This though fired a light within me.. what IF? So a rather anal cleaning process commenced. This IS a Whitworth after all, serial C832, and i truly see myself as its caretaker more than anything, albeit i do compete with it and shoot it every chance i get.

Well. Underneath that goo was.. a rifle in basically pristine order. I guess that "paint" must have protected it, and protected it well over the yrs, because as i dug further and further back it just showed more and more promise.




Sure. As in the one picture there was the occasional splinter but on a general whole seeing the rifles age it was about mint - for my use and take on it.






Lockwork for instance basically just needed an in depth clean to be all it could be. A testament if ever of build quality id say, and see.. that kind of is the red thread here... Everything in sight is numbered for the rifle and fit is.. insane.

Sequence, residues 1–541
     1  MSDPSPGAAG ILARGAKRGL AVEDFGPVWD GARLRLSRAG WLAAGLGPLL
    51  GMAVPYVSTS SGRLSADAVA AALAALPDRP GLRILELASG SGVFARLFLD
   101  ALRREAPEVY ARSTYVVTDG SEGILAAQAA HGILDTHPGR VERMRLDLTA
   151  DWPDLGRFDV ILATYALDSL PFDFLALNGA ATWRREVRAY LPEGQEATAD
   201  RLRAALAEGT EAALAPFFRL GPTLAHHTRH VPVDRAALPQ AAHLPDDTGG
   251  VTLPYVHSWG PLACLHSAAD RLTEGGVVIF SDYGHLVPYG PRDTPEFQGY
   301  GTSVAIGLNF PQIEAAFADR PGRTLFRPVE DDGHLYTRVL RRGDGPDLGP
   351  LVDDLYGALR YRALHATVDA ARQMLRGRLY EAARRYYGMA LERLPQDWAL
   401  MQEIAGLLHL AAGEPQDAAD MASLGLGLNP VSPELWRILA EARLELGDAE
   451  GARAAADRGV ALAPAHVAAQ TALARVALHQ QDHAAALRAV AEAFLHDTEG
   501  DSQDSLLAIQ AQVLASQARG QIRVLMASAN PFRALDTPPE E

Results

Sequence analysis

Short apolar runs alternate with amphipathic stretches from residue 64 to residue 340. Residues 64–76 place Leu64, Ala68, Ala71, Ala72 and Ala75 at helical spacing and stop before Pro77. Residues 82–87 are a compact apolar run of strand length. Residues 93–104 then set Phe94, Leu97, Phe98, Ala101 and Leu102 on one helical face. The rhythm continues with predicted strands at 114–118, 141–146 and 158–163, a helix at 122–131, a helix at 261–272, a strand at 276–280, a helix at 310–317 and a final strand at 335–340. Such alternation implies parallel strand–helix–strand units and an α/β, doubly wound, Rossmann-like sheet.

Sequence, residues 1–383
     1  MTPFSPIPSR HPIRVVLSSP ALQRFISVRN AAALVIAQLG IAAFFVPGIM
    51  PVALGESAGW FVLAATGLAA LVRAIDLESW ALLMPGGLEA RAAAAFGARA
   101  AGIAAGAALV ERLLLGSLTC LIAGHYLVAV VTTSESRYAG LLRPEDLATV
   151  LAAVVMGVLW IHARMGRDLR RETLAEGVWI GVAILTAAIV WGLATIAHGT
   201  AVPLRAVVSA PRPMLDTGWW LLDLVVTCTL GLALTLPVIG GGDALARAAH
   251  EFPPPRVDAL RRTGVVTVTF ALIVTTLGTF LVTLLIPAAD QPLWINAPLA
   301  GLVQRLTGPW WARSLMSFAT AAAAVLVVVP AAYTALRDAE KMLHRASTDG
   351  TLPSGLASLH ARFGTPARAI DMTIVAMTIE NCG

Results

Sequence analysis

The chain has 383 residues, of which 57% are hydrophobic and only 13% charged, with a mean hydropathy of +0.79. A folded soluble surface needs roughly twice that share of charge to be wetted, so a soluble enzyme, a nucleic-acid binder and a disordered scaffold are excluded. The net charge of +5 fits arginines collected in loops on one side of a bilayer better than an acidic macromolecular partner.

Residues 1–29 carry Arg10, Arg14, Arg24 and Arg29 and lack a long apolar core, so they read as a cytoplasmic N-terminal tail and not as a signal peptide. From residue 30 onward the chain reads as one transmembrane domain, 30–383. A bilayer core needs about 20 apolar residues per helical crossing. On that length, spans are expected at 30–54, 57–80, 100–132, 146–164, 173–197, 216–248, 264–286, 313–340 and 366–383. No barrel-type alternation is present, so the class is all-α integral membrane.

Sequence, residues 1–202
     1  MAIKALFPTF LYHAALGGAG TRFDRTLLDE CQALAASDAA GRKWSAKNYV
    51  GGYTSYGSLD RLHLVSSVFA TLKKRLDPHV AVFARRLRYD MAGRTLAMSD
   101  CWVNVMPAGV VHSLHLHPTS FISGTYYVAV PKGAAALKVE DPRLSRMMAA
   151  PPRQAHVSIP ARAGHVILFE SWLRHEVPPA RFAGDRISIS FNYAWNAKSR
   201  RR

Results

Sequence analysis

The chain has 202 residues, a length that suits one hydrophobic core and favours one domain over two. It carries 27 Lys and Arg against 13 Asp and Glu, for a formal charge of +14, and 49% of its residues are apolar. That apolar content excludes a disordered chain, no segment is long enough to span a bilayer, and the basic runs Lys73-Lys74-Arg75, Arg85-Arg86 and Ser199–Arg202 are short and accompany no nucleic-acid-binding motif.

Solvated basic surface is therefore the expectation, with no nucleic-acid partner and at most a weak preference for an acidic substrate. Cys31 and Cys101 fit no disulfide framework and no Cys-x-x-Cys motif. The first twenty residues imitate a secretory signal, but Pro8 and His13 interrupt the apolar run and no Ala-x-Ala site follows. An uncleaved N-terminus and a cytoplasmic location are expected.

Just insane.
If my facts are straight this particular rifle was made in 1861 and to see that type of fit and finish still on a gun this old... just mind boggling. Really. Its to the point where i as an engineer.. my heart race just thinking about it. Yes, nerds DO have more fun!


Dave Minshall, i believe it was, once told me that all Whitworths left the company with blued barrels. Might be, and loads can of course happen over the span of more than a 150 yrs, but truth of the matter is that the barrel of mine carries like an extremely fine layer of rust above the stock line and is then bare metal beneath.